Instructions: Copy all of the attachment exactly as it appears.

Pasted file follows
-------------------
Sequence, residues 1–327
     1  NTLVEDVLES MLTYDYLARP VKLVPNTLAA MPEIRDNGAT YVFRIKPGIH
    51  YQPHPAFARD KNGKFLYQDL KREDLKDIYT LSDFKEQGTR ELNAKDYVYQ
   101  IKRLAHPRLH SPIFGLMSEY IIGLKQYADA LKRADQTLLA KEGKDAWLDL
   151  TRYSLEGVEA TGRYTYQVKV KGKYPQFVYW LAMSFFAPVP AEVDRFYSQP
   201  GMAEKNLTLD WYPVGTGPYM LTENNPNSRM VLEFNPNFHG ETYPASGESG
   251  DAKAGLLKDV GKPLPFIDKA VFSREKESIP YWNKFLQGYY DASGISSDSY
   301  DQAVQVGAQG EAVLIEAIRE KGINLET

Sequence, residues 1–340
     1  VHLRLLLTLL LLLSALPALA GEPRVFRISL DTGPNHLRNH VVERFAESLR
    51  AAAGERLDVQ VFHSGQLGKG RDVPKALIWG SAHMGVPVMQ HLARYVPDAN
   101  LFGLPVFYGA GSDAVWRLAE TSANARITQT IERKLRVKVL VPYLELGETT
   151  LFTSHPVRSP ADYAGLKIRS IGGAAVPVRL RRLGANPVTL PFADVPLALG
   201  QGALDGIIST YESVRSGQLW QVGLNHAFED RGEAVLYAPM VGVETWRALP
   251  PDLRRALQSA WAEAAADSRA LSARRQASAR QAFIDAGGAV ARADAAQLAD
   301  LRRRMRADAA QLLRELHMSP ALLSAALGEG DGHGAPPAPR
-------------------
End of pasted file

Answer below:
Sequence, residues 1–327
     1  NTLVEDVLES MLTYDYLARP VKLVPNTLAA MPEIRDNGAT YVFRIKPGIH
    51  YQPHPAFARD KNGKFLYQDL KREDLKDIYT LSDFKEQGTR ELNAKDYVYQ
   101  IKRLAHPRLH SPIFGLMSEY IIGLKQYADA LKRADQTLLA KEGKDAWLDL
   151  TRYSLEGVEA TGRYTYQVKV KGKYPQFVYW LAMSFFAPVP AEVDRFYSQP
   201  GMAEKNLTLD WYPVGTGPYM LTENNPNSRM VLEFNPNFHG ETYPASGESG
   251  DAKAGLLKDV GKPLPFIDKA VFSREKESIP YWNKFLQGYY DASGISSDSY
   301  DQAVQVGAQG EAVLIEAIRE KGINLET

Sequence, residues 1–340
     1  VHLRLLLTLL LLLSALPALA GEPRVFRISL DTGPNHLRNH VVERFAESLR
    51  AAAGERLDVQ VFHSGQLGKG RDVPKALIWG SAHMGVPVMQ HLARYVPDAN
   101  LFGLPVFYGA GSDAVWRLAE TSANARITQT IERKLRVKVL VPYLELGETT
   151  LFTSHPVRSP ADYAGLKIRS IGGAAVPVRL RRLGANPVTL PFADVPLALG
   201  QGALDGIIST YESVRSGQLW QVGLNHAFED RGEAVLYAPM VGVETWRALP
   251  PDLRRALQSA WAEAAADSRA LSARRQASAR QAFIDAGGAV ARADAAQLAD
   301  LRRRMRADAA QLLRELHMSP ALLSAALGEG DGHGAPPAPR